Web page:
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Conley v. Gibson

United States Supreme Court
355 U.S. 42 (1957)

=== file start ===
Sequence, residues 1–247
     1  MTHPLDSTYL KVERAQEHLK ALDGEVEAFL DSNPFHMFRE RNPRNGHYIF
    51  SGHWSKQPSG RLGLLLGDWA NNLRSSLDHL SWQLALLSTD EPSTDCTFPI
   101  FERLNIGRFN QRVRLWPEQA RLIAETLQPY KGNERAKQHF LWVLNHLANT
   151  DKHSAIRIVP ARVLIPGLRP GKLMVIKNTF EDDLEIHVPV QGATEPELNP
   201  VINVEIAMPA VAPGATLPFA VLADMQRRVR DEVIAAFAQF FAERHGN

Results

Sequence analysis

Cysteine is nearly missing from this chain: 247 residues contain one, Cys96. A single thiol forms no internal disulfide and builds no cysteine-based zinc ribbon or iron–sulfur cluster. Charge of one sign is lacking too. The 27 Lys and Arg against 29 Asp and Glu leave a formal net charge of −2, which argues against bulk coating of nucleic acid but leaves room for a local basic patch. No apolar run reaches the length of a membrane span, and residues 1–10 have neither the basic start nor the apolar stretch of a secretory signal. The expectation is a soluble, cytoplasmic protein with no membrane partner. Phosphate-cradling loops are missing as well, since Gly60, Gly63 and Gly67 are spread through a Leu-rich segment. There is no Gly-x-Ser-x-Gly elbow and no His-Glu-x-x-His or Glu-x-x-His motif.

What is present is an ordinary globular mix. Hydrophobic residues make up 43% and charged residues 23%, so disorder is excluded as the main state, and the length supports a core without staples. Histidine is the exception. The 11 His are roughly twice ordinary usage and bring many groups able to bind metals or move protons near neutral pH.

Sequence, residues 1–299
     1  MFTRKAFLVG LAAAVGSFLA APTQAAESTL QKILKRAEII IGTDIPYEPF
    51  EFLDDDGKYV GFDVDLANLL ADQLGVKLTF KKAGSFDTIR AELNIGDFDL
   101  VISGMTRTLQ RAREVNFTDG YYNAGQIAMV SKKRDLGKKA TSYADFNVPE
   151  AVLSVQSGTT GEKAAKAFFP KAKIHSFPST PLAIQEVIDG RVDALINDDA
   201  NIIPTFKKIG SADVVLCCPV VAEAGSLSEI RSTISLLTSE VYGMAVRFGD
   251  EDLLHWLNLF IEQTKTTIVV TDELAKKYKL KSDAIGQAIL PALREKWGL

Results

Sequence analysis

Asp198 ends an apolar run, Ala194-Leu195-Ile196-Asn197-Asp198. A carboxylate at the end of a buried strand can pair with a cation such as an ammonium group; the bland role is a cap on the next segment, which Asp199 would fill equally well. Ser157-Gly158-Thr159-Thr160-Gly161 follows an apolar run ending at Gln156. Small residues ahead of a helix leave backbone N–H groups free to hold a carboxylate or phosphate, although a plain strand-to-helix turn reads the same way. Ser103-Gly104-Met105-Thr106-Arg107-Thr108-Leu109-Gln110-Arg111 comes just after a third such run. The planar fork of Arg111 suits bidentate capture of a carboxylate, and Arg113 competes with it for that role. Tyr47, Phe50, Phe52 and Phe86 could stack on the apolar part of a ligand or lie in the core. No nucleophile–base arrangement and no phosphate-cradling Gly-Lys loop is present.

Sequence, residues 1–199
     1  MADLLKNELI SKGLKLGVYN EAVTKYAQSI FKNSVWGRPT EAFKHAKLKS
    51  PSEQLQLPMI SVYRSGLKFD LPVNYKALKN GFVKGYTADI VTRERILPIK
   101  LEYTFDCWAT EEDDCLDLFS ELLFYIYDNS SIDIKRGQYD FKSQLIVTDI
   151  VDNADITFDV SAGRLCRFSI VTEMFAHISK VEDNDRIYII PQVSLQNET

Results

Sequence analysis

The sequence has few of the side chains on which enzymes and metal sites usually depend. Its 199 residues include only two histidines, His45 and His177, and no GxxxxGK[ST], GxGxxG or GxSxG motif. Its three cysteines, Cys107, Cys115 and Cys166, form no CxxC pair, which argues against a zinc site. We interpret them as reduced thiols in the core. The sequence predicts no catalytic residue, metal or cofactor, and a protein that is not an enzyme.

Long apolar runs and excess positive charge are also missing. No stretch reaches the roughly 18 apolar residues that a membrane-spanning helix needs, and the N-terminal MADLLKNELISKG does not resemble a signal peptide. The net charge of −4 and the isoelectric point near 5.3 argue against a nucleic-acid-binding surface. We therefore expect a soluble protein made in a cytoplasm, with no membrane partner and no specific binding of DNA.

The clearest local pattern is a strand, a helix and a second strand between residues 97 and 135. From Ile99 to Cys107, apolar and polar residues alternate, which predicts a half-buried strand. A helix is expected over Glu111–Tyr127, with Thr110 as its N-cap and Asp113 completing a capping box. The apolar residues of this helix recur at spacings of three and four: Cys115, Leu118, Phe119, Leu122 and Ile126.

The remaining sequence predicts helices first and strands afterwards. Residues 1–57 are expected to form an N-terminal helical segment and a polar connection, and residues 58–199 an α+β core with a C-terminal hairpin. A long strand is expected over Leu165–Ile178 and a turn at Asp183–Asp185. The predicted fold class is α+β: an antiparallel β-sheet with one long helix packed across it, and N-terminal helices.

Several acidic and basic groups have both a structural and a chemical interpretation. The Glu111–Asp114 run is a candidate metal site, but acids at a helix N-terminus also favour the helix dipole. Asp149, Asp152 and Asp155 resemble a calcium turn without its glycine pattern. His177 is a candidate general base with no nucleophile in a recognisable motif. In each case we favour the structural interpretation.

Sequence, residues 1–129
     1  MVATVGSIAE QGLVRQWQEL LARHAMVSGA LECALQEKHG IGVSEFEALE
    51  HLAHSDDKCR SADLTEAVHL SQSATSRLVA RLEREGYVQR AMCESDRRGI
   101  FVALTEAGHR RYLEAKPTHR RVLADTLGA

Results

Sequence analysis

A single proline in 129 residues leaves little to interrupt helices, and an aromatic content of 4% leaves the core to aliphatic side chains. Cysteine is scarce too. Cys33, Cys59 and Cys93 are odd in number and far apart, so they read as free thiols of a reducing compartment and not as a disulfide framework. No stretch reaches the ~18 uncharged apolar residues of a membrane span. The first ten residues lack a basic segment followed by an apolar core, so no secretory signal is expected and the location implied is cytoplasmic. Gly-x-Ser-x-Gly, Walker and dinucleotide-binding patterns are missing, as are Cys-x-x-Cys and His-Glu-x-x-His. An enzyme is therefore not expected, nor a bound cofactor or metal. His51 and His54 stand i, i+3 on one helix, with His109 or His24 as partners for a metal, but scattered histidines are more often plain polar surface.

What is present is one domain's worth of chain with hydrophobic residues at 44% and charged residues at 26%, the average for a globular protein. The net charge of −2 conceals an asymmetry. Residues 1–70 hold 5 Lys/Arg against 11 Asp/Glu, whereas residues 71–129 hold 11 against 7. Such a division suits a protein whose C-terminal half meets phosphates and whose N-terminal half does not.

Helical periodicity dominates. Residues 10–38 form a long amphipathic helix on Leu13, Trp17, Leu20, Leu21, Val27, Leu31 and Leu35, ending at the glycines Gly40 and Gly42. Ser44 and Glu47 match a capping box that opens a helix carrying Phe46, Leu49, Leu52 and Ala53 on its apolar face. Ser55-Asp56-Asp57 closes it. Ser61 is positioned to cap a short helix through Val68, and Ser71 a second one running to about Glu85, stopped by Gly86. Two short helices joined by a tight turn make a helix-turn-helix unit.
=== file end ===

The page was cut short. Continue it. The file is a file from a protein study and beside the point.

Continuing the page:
In May 1954, Local Union No. 28 (Local 28) of the Brotherhood of Railway and Steamship Clerks (Brotherhood) entered into an agreement with the Texas and New Orleans Railroad (Railroad) to discharge 45 African American employees, allegedly as part of a reduction in force layoff. In fact, Local 28 had made an agreement with the Railroad to lay off the African American employees and hire white employees in their place; in rare instances, the African American employees were rehired, but with loss of seniority. Although the African American employees requested repeatedly for help from Local 28 regarding the discriminatory firings, Local 28 did not give them any protection. The evidence further suggested that Local 28 regularly did not provide the same level of representation to African American employees as white employees. Conley (plaintiff) and several other African American members of the Brotherhood brought a class action suit against the Brotherhood, Local 28, and several officers, including Gibson (defendant), alleging discrimination in violation of Conley’s and other African American members’ right under the Railway Labor Act to fair representation. Gibson filed a motion to dismiss, alleging that the complaint failed to state a claim upon which relief could be granted, thus failing the standard set forth in F.R.Civ.Pro. 12. The district court granted the motion, the United States Court of Appeals for the Fifth Circuit affirmed, and the United States Supreme Court granted certiorari.

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